In our latest Round Table, we asked our team of writers about San Francisco 49ers general manager Trent Baalke's job security. Would he need to win a specific number of games to retain his post within the organization or is he on the hot seat?

49ers beat writer Chris Biderman from partner site Niners Wire of USA TODAY Sports joins us for this topic.

Chris Biderman, Niners Wire

I think it's hard to quantify purely by number of wins. I think it's more about the way players develop. If players like Tank Carradine, Eli Harold, Quinton Patton, Bruce Ellington, Vance McDonald and other important draft picks don't evolve into key contributors, then it's hard to justify keeping Baalke around.

But those scenarios aren't mutually exclusive. Those guys could step up and become a part of a foundation for a winning team, but it might not directly translate in the standings. The 49ers have bigger problems, like at quarterback, that will have a greater bearing on the win column.

That being said, the base line has to be six wins. If the 49ers aren't noticeably better than 2015 under Jim Tomsula, then Baalke's going to take the fall. This is only being considered a "rebuilding effort" because the roster lacks talent, and that's on Baalke. The context of Baalke's long-term future, in my opinion, lies more in the development of his roster than wins.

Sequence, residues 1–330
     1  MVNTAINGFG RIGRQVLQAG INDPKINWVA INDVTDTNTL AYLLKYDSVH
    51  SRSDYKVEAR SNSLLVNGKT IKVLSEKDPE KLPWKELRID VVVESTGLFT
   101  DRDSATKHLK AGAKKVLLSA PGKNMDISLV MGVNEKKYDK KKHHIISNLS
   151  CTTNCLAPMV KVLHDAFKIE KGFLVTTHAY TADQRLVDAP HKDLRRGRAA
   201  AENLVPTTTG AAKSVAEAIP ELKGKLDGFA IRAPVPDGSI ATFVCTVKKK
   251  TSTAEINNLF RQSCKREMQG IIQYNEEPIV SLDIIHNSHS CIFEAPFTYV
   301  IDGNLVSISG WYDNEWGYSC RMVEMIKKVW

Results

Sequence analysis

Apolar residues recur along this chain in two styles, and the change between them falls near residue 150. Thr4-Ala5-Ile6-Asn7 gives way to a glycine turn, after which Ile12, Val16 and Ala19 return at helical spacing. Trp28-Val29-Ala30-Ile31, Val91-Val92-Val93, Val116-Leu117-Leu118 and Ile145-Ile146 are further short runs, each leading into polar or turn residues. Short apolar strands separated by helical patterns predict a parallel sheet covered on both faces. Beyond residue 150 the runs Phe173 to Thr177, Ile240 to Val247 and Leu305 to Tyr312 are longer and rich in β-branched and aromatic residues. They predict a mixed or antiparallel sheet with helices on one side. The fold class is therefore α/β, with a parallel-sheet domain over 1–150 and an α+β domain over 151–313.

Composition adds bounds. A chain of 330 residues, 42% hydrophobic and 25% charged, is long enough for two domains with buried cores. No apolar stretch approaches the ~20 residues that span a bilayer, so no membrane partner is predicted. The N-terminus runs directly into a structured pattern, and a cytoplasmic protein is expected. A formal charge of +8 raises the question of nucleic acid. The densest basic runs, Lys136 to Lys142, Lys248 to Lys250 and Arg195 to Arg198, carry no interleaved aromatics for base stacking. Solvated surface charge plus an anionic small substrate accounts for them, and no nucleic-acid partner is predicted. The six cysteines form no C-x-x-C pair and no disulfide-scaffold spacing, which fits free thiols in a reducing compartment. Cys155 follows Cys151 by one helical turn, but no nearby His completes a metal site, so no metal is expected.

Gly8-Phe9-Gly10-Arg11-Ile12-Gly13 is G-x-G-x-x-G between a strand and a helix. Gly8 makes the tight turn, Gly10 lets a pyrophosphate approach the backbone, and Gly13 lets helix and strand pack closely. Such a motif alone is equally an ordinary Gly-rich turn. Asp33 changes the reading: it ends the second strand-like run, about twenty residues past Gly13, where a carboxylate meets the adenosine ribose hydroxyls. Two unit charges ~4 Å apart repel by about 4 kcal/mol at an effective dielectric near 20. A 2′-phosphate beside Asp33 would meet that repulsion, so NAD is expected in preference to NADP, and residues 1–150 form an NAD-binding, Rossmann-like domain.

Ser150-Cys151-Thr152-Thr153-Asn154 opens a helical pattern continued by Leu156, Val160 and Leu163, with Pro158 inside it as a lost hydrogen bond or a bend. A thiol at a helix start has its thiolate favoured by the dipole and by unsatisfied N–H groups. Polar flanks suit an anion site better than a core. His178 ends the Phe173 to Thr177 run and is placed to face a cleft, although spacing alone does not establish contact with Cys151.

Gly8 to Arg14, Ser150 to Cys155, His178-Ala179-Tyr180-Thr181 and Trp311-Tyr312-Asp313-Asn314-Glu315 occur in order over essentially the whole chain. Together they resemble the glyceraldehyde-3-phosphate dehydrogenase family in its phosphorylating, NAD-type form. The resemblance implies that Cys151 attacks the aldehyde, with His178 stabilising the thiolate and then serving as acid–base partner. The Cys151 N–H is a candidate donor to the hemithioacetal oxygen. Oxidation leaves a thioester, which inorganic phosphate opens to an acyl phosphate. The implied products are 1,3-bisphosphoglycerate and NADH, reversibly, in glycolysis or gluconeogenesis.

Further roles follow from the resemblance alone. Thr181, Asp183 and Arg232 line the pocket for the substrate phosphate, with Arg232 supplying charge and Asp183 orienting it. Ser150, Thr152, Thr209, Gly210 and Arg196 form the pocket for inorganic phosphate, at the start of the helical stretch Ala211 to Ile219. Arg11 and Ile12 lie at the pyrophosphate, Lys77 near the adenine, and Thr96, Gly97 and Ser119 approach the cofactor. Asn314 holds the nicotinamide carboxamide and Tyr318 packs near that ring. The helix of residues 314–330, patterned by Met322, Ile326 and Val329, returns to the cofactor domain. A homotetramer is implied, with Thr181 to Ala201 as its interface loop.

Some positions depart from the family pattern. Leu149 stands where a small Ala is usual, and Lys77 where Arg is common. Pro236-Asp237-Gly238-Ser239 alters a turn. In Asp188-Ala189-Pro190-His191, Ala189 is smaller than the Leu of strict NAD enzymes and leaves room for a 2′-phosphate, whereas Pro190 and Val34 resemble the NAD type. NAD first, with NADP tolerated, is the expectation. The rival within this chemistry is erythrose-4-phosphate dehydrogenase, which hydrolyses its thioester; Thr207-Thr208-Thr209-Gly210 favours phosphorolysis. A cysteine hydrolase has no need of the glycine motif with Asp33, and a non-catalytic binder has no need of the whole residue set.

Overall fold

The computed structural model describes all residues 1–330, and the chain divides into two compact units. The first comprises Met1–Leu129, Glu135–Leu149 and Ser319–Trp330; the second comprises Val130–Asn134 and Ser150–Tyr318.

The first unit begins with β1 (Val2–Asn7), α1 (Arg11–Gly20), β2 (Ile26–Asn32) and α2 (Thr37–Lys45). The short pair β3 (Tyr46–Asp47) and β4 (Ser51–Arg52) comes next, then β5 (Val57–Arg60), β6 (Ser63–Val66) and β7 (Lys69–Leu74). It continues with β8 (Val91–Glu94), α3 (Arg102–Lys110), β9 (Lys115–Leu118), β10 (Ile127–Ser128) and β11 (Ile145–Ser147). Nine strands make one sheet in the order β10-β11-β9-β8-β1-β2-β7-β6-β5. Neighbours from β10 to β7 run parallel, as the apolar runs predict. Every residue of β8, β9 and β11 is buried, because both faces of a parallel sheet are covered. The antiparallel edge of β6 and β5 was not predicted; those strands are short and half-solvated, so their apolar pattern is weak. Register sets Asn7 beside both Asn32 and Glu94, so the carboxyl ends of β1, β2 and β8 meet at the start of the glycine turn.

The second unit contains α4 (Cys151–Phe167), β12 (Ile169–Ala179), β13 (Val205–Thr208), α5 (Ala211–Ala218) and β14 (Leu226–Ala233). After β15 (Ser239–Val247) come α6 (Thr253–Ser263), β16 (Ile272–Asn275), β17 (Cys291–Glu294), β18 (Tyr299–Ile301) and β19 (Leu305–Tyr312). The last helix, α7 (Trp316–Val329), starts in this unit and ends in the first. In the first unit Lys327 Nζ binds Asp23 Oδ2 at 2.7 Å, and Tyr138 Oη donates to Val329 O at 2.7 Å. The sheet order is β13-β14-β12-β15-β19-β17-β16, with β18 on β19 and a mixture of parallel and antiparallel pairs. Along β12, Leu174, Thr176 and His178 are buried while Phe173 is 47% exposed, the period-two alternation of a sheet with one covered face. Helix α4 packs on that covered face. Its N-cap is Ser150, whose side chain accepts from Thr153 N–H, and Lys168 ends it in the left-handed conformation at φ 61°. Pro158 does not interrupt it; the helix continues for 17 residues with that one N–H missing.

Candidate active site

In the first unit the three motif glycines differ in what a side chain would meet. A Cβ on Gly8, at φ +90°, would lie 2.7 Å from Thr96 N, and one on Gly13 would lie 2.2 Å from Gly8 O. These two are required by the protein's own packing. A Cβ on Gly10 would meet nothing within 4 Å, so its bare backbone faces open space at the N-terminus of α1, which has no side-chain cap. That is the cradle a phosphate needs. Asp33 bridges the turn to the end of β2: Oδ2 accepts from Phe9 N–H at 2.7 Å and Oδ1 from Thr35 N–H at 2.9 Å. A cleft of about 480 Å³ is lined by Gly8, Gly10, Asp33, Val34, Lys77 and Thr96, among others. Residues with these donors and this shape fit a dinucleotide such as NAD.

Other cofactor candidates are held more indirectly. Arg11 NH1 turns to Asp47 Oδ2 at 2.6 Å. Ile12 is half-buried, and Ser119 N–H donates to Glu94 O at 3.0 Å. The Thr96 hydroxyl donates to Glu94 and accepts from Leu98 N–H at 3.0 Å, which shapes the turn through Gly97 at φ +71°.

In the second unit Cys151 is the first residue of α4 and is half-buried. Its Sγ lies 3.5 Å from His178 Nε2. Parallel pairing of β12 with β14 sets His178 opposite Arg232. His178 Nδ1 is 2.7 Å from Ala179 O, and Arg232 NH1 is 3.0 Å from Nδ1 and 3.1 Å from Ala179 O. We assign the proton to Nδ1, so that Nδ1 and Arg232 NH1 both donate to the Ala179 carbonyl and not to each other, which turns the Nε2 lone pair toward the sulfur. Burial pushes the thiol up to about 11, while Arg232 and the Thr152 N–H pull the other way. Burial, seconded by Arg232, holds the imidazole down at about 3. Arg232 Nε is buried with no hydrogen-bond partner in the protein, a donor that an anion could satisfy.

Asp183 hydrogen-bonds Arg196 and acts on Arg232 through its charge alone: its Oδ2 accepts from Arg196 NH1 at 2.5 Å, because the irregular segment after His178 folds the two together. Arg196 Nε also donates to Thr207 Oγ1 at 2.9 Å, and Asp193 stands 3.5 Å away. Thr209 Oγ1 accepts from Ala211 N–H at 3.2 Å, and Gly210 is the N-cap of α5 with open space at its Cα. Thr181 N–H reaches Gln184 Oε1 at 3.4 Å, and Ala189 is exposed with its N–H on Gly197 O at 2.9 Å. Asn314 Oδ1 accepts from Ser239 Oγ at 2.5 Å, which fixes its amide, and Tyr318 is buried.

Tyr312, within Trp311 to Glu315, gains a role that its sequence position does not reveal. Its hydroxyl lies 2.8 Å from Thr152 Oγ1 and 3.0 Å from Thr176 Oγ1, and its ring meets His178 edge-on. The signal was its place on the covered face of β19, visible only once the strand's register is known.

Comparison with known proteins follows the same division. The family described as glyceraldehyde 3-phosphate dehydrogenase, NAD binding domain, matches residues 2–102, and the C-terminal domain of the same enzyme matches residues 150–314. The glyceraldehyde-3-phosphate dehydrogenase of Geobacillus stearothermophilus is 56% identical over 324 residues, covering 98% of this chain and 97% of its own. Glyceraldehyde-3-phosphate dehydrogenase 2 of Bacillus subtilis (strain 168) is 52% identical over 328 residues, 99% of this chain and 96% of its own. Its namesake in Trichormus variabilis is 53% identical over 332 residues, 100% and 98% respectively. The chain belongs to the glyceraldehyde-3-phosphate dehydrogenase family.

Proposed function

Because a scenario exists where the talent on the roster remains stagnant, but Kelly's system and play calling - and the health of Carlos Hyde - leads to a significant improvement. What then? Is Baalke showered with credit because the team won more games despite the talent on the roster? The context of the season is everything.

Brandon Graham

I may be in the minority, but I don't see Tom Gamble's recent promotion as a clear sign that this will be a make-or-break season for Trent Baalke.

Jed York was quick to build an allegiance with Baalke over Jim Harbaugh, and it can be gleaned that Jim Tomsula was perhaps hand-picked by York himself. While I don't anticipate York introspectively soul-searching anytime soon, I can safely assume that he recognizes that the failures of the 2015 season are not necessarily at the feet of Baalke. My impression is that Baalke is still York's most trusted confidant in the building and it will take more than another sub .500 season to get him to sever ties.

Zain Naqvi

The 49ers have a tough schedule and wins will be hard to come by. With Tom Gamble promoted to assistant GM, I expect that he will take over at some point during the season. If the Niners go on a losing streak of 4+ games, I can see Baalke being fired during the season. Anything short of 8-8 will probably get him fired, but Trent Baalke is most likely gone either way.

An indication of this is that he actually used all of his draft picks in the draft this year, as opposed to trading away picks for next year or the year after. It gives the impression that he won't be back to use those picks next year or the year after. Ironically, Baalke is going to be relying on the roster that he failed to improve to save his job. Baalke has a background on the defensive side of the ball and likes teams to grind out tough yards on the ground. The Chip Kelly hiring was distinctly un-Baalke and most likely Jed York's pick, suggesting that the team is already slowly phasing Baalke out.